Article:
But I remember a few months ago when I decided to scroll to the end of the training program in my app and saw that the last day call for me to run 30 minutes without stopping. I laughed when I saw that, knowing how much I was struggling just to run 2-3 minutes at a time. Running a 5K seemed more daunting then than ever before. I’d never really thought about how LONG it would take me to run 3.1 miles. The thought of just running, nothing else, for that long seemed ridiculous.

Week Eight was rough. I did Day One on Friday, feeling pretty good about running for 25 minutes without stopping. Again, I ran further on my trail before turning around than I ever had before and my playlist synced up great. Of course, my socks gave me a couple blisters, so it wasn’t all gravy. I had planned to run Day Two on the actual race course on which I’ll be running on Sunday, but I just didn’t have the motivation to go all the way out there. It was actually hot here in the City and I was not dressed properly for my workout. I had my armband for my phone, which worked great, but I was sweating buckets by the time I finished. My playlist didn’t sync up exactly how I wanted it to and by the time I got to the last song, I was ready to PASS OUT. I was out of gas and thought there was no way I could add another two minutes to that run today.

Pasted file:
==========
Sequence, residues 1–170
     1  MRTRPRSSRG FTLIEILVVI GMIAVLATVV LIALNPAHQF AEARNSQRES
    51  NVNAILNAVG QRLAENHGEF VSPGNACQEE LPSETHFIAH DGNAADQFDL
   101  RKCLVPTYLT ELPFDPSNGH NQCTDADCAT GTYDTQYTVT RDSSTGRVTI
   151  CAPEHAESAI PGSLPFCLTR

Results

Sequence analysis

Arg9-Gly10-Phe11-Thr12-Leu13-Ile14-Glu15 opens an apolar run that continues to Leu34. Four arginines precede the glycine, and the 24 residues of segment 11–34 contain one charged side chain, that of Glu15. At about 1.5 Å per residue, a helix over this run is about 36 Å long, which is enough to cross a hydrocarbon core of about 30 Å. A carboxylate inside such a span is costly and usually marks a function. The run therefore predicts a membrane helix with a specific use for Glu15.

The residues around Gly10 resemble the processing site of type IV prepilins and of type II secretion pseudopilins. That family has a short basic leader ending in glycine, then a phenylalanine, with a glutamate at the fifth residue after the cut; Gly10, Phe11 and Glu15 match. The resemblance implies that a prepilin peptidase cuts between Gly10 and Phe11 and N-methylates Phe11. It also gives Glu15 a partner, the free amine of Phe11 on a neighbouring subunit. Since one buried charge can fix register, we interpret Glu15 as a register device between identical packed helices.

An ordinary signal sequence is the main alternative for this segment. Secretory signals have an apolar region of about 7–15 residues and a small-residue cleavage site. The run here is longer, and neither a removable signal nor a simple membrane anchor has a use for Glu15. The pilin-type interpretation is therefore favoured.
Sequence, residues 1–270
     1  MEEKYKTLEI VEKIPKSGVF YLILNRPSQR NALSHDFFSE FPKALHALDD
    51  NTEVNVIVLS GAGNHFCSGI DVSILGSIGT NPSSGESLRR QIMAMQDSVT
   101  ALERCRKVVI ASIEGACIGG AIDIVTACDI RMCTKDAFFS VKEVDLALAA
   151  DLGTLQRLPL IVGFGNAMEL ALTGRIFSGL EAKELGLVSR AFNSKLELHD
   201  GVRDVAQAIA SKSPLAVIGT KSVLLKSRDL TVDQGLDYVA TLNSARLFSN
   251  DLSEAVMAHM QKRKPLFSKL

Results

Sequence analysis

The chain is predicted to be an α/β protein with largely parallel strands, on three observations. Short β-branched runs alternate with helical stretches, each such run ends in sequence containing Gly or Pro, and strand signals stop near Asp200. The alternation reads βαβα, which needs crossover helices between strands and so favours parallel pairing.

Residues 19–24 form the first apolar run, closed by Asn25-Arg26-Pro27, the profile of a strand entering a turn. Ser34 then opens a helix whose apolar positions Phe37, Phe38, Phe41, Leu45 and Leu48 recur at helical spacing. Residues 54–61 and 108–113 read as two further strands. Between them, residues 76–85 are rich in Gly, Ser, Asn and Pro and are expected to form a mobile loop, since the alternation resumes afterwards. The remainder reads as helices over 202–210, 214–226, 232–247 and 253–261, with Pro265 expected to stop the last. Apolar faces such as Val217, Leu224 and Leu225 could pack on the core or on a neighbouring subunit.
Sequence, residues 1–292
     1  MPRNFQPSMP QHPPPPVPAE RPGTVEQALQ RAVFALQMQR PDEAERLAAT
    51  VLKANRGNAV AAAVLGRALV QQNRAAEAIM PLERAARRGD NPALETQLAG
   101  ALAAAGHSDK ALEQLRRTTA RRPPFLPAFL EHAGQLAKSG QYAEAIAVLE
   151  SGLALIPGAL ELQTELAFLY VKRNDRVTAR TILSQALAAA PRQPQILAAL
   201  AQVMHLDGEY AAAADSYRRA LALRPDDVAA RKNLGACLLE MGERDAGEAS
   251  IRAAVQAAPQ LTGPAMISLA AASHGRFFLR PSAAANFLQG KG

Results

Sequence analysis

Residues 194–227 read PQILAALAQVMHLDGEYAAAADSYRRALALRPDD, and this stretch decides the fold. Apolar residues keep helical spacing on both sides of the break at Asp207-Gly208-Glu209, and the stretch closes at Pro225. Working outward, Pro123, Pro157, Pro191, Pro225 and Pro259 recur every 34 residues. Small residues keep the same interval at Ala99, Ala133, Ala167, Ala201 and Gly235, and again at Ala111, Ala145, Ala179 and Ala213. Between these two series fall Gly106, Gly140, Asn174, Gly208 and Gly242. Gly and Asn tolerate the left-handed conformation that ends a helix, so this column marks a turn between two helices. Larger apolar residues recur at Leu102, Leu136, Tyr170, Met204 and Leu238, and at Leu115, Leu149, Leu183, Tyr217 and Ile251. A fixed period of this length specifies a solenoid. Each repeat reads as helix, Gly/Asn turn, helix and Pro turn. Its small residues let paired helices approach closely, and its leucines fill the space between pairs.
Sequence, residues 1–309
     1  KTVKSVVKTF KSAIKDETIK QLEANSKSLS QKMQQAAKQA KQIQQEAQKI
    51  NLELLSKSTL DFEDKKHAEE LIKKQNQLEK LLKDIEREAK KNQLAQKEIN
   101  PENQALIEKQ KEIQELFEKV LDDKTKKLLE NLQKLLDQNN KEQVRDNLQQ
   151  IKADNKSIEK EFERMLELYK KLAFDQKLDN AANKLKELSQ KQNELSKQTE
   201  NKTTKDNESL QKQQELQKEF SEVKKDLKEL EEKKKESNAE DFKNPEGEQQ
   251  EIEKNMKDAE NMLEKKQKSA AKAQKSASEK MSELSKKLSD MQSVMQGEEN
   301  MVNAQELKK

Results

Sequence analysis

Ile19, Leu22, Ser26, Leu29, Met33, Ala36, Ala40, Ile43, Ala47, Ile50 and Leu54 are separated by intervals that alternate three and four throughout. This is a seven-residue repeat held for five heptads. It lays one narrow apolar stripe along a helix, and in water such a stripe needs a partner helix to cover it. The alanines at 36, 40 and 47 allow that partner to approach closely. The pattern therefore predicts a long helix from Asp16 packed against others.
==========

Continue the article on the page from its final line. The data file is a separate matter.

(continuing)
My body has clearly adapted to San Francisco’s weather because it was a brisk, foggy day when I got home from work, but I set off on my trail anyway. In 40 minutes, I covered 3.3 miles (including 5 minute walking warm up and 5 minute walking cool down). My playlist synced PERFECTLY (see below) and I felt like I hit my stride again. I was tired and a little breathless at the end of my run, but when my phone vibrated to tell me to stop running, I didn’t collapse. I actually had a little bit more in the tank! My calf is a little tight, but I’m hoping that continuing to stretch it out this week will help with that. And yes, I did tear up a little when my running coach’s voice said “Workout completed” for the last time.

Music is an integral part of this process, allowing me to focus on something else, so I don’t start thinking about how much running sucks. I’ll be tweaking this playlist a little before my race, but I really like how this worked. I noticed during Sunday’s run that the songs were getting longer as time went by, which wasn’t helping me get through the workout. I adjusted for today, using mostly 3 minute songs. That gave me a good variety of music (some with inspiration lyrics, some of a good beat, some with both), but no song went on too long. Enjoy!